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The Book Club

Mary Shelley’s Frankenstein

1. The real Frankenstein. Given the modern literary and media influences, the first realisation for the reader would be the observation that the name Frankenstein refers to the creator of the creature, and not the creature per se. Mary Shelley’s novel is thoroughly entertaining; and even though Shelley penned the story to relate to broader themes, the climaxes and plot progressions are thrilling, and an absolute joy to read.

2. A science fiction expounding upon the dangers of scientific progression and human hubris. Subtitled as “The Modern Prometheus”, Shelley was directly making references to the tremendous developments under the Industrial Revolution, and subtly offering a warning that a relentless pursuit of knowledge should be moderated by responsibility and awareness of its potential dangers. As she incorporates concepts of galvanism and scientific exploration in the plot, the message conveyed is that the inventor must be cognisant of the ramifications of his commitments or undertakings, as they might have ripple effects – beyond their reach – upon people and events around them.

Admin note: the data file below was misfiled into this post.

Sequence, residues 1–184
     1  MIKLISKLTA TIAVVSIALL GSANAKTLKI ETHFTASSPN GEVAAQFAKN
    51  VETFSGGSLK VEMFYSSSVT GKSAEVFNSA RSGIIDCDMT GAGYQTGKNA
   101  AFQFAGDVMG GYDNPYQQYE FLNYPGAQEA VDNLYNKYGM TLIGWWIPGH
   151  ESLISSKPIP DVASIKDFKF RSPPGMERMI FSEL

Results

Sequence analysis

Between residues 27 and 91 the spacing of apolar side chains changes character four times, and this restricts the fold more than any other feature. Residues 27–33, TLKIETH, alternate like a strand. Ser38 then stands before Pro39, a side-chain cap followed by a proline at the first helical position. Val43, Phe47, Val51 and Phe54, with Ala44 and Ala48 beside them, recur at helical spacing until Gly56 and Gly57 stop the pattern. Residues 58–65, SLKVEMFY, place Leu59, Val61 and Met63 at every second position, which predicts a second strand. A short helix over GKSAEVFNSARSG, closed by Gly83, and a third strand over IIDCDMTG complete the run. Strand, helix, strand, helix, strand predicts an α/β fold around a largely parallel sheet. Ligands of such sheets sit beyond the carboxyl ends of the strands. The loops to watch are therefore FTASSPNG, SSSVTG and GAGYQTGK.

3. The substantial resolve and ambitions of Victor Frankenstein. “So much has been done, exclaimed the soul of Frankenstein — more, far more, will I achieve; treading in the steps already marked, I will pioneer a new way, explore unknown powers, and unfold to the world the deepest mysteries of creation” and “No one can conceive the variety of feelings which bore me onwards, like a hurricane, in the first enthusiasm of success. Life and death appeared to me ideal bounds, which I should first break through, and pour a torrent of light into our dark world”.